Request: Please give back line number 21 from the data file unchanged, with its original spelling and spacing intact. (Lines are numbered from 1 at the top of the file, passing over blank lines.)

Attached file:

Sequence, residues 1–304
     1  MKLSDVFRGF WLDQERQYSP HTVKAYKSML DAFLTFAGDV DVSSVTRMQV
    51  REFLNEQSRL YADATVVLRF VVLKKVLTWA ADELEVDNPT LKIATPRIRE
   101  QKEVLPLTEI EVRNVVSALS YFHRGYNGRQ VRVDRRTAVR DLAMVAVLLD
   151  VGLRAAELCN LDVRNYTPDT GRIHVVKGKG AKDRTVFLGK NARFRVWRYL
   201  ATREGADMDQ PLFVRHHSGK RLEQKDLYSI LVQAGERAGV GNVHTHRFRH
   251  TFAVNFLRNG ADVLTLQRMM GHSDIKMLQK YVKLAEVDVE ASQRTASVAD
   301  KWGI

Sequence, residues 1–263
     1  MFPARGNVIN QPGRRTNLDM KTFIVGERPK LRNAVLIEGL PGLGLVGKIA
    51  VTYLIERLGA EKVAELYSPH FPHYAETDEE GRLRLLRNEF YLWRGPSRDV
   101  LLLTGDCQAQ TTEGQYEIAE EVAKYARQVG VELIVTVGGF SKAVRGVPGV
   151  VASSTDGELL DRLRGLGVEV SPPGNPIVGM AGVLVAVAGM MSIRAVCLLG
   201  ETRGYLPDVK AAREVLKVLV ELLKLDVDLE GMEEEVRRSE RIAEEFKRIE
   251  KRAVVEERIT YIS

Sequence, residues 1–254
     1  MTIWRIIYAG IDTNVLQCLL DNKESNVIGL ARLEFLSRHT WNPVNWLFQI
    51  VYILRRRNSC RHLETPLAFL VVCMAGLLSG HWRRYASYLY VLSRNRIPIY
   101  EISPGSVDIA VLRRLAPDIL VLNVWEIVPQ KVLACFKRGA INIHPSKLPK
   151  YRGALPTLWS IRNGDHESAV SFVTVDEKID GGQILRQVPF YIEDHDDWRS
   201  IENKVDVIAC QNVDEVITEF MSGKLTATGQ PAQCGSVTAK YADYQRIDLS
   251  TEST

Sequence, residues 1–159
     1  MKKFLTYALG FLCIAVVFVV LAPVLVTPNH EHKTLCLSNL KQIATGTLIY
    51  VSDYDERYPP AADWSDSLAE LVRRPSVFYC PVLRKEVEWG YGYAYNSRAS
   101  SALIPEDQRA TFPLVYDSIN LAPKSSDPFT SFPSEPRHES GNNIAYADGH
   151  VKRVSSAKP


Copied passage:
   201  IENKVDVIAC QNVDEVITEF MSGKLTATGQ PAQCGSVTAK YADYQRIDLS